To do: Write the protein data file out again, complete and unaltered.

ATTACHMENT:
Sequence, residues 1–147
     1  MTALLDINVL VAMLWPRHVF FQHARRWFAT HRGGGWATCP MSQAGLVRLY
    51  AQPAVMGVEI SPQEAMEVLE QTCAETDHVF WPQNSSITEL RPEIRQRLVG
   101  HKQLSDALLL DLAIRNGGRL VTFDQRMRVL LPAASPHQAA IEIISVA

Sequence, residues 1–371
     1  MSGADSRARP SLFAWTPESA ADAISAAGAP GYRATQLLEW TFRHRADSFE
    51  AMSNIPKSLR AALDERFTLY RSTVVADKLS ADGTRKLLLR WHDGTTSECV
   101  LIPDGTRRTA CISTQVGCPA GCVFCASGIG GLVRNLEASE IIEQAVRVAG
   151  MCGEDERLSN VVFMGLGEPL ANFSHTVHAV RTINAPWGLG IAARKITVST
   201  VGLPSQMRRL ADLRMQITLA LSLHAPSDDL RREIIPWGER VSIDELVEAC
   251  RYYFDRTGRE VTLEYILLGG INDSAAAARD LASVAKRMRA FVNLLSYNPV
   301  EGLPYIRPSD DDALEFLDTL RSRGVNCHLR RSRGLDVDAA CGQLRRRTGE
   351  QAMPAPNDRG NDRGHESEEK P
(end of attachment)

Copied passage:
Sequence, residues 1–147
     1  MTALLDINVL VAMLWPRHVF FQHARRWFAT HRGGGWATCP MSQAGLVRLY
    51  AQPAVMGVEI SPQEAMEVLE QTCAETDHVF WPQNSSITEL RPEIRQRLVG
   101  HKQLSDALLL DLAIRNGGRL VTFDQRMRVL LPAASPHQAA IEIISVA

Sequence, residues 1–371
     1  MSGADSRARP SLFAWTPESA ADAISAAGAP GYRATQLLEW TFRHRADSFE
    51  AMSNIPKSLR AALDERFTLY RSTVVADKLS ADGTRKLLLR WHDGTTSECV
   101  LIPDGTRRTA CISTQVGCPA GCVFCASGIG GLVRNLEASE IIEQAVRVAG
   151  MCGEDERLSN VVFMGLGEPL ANFSHTVHAV RTINAPWGLG IAARKITVST
   201  VGLPSQMRRL ADLRMQITLA LSLHAPSDDL RREIIPWGER VSIDELVEAC
   251  RYYFDRTGRE VTLEYILLGG INDSAAAARD LASVAKRMRA FVNLLSYNPV
   301  EGLPYIRPSD DDALEFLDTL RSRGVNCHLR RSRGLDVDAA CGQLRRRTGE
   351  QAMPAPNDRG NDRGHESEEK P